Map

The Ohio Senate Republicans introduced the following congressional district map on Wednesday, Nov. 3.

COLUMBUS- If the Ohio General Assembly moves forward with one redistricting proposal introduced last week, Pike County would be divided into two congressional districts.

With this proposal, Pike County would be one of 14 counties split — its western end belonging to District 2 and its eastern end belonging to District 15.

Ohio Sen. Rob McColley, R-Napoleon, introduced the map devised by Ohio Senate GOP legislators.

“Our goal for this map was to draw districts that are compact, while also keeping Ohio’s largest cities whole,” he said during sponsor testimony on Nov. 3.

The dividing line in the county would cut through Pebble Township along Ohio 772, where 33 blocks would belong to District 2 and 58 blocks going to District 15.

The western parts of the county would again be represented by Rep. Brad Wenstrup, while District 15 recently elected Rep. Mike Carey as Steve Stivers’ replacement who left office to serve as president of the Ohio Chamber of Commerce.

To the frustration of many that have testified in the four Ohio Senate Local Government and Elections Committee hearings, these districts appear to favor the Republicans.

According to Dave’s Redistricting App, six of the 15 congressional districts would lean Republican, two would lean Democrat, and the remaining seven would be defined as competitive- meaning the majority party would not have more than 55% of its voting population’s support.

Districts 2 and 15 would be competitive, but do lean towards the GOP. All of the competitive districts show majority backing of the GOP, meaning as many as 13 out of the state’s 15 districts could go to the Republicans.

While the state favored Republicans over the past decade, supporting former President Donald Trump with 52% support in 2020, opponents say this redistricting effort would be gerrymandering.

With this in mind, Collin Marozzi, American Civil Liberties Union of Ohio Deputy Policy Director, addressed the Senate committee last week to say his organization was an opponent to this legislation.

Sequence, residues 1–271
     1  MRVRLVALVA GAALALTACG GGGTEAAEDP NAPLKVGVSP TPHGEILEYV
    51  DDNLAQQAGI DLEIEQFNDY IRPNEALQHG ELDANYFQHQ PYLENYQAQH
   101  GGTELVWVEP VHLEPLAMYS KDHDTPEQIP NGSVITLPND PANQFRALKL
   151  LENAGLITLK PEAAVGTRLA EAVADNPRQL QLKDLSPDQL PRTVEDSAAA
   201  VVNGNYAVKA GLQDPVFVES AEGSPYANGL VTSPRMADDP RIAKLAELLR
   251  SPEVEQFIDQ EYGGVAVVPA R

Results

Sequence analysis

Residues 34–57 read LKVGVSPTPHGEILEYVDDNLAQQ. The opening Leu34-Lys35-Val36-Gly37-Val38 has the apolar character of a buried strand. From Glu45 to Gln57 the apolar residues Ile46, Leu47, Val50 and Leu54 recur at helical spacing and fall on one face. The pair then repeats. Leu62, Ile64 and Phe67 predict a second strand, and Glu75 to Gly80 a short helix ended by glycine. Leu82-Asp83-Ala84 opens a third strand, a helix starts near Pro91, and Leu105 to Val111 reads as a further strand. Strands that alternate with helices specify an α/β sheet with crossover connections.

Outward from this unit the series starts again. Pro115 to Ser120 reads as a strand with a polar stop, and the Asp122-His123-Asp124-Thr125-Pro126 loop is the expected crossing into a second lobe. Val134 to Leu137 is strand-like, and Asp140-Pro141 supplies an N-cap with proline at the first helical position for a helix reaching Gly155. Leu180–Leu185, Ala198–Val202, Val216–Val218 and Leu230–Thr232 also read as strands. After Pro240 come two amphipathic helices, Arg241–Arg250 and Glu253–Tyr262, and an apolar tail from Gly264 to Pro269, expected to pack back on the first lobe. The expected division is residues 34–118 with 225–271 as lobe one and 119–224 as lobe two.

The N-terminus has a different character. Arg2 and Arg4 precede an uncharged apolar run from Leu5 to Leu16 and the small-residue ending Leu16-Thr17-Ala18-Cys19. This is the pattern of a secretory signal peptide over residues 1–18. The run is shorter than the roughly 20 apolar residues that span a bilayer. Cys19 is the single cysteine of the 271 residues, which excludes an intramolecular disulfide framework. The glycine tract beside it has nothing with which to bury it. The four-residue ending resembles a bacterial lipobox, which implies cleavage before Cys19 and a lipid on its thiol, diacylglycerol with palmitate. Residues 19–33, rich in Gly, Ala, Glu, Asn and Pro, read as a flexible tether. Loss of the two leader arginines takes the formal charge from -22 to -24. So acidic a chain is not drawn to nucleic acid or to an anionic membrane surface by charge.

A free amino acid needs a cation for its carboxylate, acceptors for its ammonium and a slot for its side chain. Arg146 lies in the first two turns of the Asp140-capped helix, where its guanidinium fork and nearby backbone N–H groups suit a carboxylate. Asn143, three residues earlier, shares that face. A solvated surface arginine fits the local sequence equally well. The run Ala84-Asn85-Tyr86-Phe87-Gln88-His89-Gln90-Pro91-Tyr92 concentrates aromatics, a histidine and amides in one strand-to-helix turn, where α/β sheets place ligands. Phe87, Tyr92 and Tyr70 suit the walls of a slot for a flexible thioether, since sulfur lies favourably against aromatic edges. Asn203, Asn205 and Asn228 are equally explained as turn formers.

“Instead of crafting a congressional district map that accurately reflects the diverse political attitudes of Ohioans, SB 258 artificially inflates partisan control of Ohio’s congressional delegation to one political party at the expense of another,” he said in his testimony. “This is achieved by needlessly exploiting allowable splits that crack urban areas into districts that dilute their voting power. Districts 1,2,3,4, 5, 7, 9, 10, and 15 are examples of this tactic.”

Ohio Women’s Public Policy Network Managing Director Erin Ryan said the new districts need to be more fair and equitable to allow for the voices of women to be heard.

“With fair maps, we envision a diverse and equitable future where all communities are represented, where voters’ voices are heard, and where our communities’ best interests are at the heart of policymaking,” her testimony in-part reads. “This future is possible, but it will require the attention and commitment from this Committee to put Ohioans’ best interests first — and that means fair and accurate maps.”

Multiple maps have been introduced that would keep Pike County voters under one congressional district, including the Ohio House Republicans’ and the Ohio Senate Democrats’.

To view these maps, visit https://davesredistricting.org/maps#home.

Contact Patrick Keck at pkeck@newswatchman.com or by phone at 740-947-2149, ext. 300431 and follow him on Twitter @pkeckreporter.

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